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Canadiens vs Bruins: Game preview, start time, and TV schedule

After dominating the Bruins in the first week of the season, what should the Canadiens expect from their rivals in round two?

Bob DeChiara-USA TODAY Sports

For the Montreal Canadiens, a lot has changed since game two.

The team has gone from a shaky looking win over Toronto to start the year, to a confident ascent to the top of the league standings. They've found a team identity, lost it, briefly, and found it again. They've even begun to deal with their first dose of true adversity, withstanding an injury to their most important player and continuing to roll.

Remarkably, all of those varied group experiences have come on the shoulders of a very consistent roster configuration. Besides Carey Price's injury, Michel Therrien has made only one significant move: benching Alexander Semin, and doing some moderate tinkering to fill his spot. The team's record hasn't suffered in Semin's absence, but tonight's game should provide some perspective on what Semin's absence means to the Habs.

Alex Galchenyuk, Lars Eller, and Semin were positively dominant when the Habs and Bruins last met, using x-ray vision and lethal finish to slice and dice the Bruins makeshift defence corps. With that line no longer available, and the Bruins best defender back on the ice, tonight's game may look a little different.

How to Watch

Start time: 7:00 PM ET
In Canada (French): TVAS
In Canada (English): Sportsnet
In the Bruins region: NESN
In the United States: NHLN-US
Elsewhere: NHL GameCenter, NHL Center Ice

Tale of the Tape

Canadiens Statistic Bruins
12-2-1 Record 6-5-1
7-2-1 L10 Record 6-3-1
53.2 Score-Adjusted Corsi % 51.4
55 Goals For 43
27
Goals Against 40
1.83 5v5 Goal Ratio 1.00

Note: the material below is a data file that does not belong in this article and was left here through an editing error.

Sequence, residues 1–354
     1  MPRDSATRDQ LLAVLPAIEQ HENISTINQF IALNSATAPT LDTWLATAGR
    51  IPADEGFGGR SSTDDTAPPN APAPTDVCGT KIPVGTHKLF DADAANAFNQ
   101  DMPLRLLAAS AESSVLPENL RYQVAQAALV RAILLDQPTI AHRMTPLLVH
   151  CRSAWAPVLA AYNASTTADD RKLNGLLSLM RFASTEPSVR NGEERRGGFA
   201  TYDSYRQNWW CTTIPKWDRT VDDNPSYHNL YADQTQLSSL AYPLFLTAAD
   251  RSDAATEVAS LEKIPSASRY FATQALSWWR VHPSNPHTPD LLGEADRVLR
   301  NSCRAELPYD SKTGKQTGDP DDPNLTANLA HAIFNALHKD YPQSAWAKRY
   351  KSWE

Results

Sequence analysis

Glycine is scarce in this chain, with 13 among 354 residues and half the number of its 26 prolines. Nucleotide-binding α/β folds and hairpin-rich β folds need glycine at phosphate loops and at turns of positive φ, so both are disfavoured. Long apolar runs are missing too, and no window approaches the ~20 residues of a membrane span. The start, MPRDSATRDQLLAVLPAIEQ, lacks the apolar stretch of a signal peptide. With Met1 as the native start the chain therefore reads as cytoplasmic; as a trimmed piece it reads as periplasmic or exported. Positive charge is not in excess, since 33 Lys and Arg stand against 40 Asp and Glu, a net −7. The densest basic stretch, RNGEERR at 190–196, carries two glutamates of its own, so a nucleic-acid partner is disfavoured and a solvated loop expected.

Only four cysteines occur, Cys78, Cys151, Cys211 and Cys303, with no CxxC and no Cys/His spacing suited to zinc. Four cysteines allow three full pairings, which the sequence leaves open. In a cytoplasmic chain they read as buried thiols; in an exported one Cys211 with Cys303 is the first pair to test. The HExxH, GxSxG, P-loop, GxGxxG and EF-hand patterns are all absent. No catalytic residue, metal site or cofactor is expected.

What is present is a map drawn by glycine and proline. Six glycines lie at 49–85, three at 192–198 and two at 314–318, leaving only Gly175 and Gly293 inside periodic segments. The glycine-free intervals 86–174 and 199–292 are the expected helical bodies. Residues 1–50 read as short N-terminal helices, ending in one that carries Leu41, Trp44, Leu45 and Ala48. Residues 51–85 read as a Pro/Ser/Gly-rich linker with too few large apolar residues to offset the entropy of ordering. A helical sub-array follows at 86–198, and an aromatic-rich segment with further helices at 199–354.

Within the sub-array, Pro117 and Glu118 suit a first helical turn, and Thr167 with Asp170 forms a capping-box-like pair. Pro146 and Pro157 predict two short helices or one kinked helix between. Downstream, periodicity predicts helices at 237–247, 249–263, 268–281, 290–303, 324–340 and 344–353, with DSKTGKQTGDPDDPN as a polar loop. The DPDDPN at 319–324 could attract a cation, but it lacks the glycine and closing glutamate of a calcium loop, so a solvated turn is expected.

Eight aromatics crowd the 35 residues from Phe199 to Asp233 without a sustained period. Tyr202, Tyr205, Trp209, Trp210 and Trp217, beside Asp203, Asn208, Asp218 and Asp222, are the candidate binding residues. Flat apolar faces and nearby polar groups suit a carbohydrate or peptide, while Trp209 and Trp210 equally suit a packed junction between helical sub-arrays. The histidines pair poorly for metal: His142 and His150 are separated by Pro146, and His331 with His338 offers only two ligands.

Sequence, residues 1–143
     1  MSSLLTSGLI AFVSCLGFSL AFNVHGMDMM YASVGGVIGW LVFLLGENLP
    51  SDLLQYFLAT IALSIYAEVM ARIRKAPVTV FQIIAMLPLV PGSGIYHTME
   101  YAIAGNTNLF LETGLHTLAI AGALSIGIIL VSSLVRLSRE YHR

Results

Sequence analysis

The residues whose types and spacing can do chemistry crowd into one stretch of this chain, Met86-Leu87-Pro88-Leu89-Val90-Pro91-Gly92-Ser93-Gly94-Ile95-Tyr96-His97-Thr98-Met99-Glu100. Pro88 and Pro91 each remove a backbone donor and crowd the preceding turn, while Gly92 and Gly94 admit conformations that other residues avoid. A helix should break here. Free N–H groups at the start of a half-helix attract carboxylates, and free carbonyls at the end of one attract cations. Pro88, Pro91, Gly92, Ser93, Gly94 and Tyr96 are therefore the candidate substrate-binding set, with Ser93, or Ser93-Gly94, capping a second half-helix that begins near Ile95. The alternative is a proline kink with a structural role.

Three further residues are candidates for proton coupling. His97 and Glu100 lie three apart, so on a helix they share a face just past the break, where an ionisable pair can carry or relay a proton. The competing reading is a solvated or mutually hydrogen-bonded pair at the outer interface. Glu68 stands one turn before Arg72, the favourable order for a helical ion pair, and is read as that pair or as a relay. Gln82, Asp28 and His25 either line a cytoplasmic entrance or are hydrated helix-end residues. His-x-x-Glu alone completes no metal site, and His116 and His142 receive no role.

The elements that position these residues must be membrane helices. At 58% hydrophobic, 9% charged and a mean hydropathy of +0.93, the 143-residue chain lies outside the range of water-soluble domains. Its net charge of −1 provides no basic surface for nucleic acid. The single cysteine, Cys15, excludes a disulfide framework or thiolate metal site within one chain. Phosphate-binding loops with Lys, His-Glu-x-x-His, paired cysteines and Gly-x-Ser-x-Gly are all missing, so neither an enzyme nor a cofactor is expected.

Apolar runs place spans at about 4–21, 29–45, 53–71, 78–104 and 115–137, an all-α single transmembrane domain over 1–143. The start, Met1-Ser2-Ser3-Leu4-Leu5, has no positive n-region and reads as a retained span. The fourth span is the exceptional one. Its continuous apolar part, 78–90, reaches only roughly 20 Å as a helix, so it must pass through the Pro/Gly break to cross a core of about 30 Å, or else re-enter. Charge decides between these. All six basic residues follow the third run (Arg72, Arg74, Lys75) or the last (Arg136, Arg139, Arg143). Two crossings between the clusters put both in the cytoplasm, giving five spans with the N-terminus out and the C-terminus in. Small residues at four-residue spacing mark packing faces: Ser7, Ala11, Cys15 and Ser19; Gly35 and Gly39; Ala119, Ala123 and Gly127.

25.0 PP% 35.0
89.8 PK% 70.5

Know Your Enemy

After a couple of abhorrent performances to start the year, the Boston Bruins have been on a steady upward trajectory. Ugly losses to the Jets, Canadiens, and Lightning in their first three games have given way to a 6-2-1 record since, and leaves the Bruins in the hunt for a playoff spot.

That loss to the Lightning marked Zdeno Chara's first game of the year, and the Bruins improved performance since his return is no coincidence. Slotting Chara in on the top pair has allowed Torey Krug to move to a more comfortable second pair role, where his partnership with Adam McQuaid has been the most consistent element of Boston's back-end.

The Bruins have made adjustments up front as well, seeking to supplement their top six with some additional offensive flair. For the past two games, that new weapon was Alexander Khokhlachev, and his results were good on paper: the AHL's third-leading scorer maintained almost 70% possession for while riding shotgun for David Krejci.

Tonight, with Khokhlachev headed back to the AHL, the Canadiens will have to contend with a number productive player from Providence. Frankie Vatrano, who leads the AHL with 10 goals in 10 games, has been recalled, and figures to assume that same spot on the second line.

Of course, even if the new addition doesn't gel right away at even strength, the Habs will still have to be conscious of the Bruins' lethal powerplay. Only the Kings and Maple Leafs have generated more shot attempts per sixty minutes of play than the Bruins have with the man advantage, and no team has matched their absurd 35% success rate.

With Boston putting up more than one goal per game on average so far, their powerplay may be just the type of x-factor they need to overcome any possession disadvantage they may face.

Last Time Out

It was the Canadiens who leveraged the powerplay last time out, opening the scoring with some inspired puck movement. The Habs went across the Royal Road twice, with David Desharnais ending up as the beneficiary of two surgical passes by Alex Galchenyuk and Andrei Markov.

From there, the Eller-Galchenyuk-Semin line took over. On the Habs' second goal, Semin showed great patience in waiting for the Bruins' defence to open up before feeding Eller for a one-timed goal.

Later, Semin cut off a Bruin clearing play and fed Galchenyuk, who carried the puck to the slot before setting up Eller for another one-timer. With an empty-net goal, Tomas Plekanec would finish off what would end up a 4-2 victory.

Even with Semin out of the lineup, the Habs have had little trouble maintaining their standing as the league's highest-scoring team for the last five games. Tonight, we'll find out if the Canadiens have enough firepower to hold off a team looking to show they have a lot more to offer than they put on display one month ago.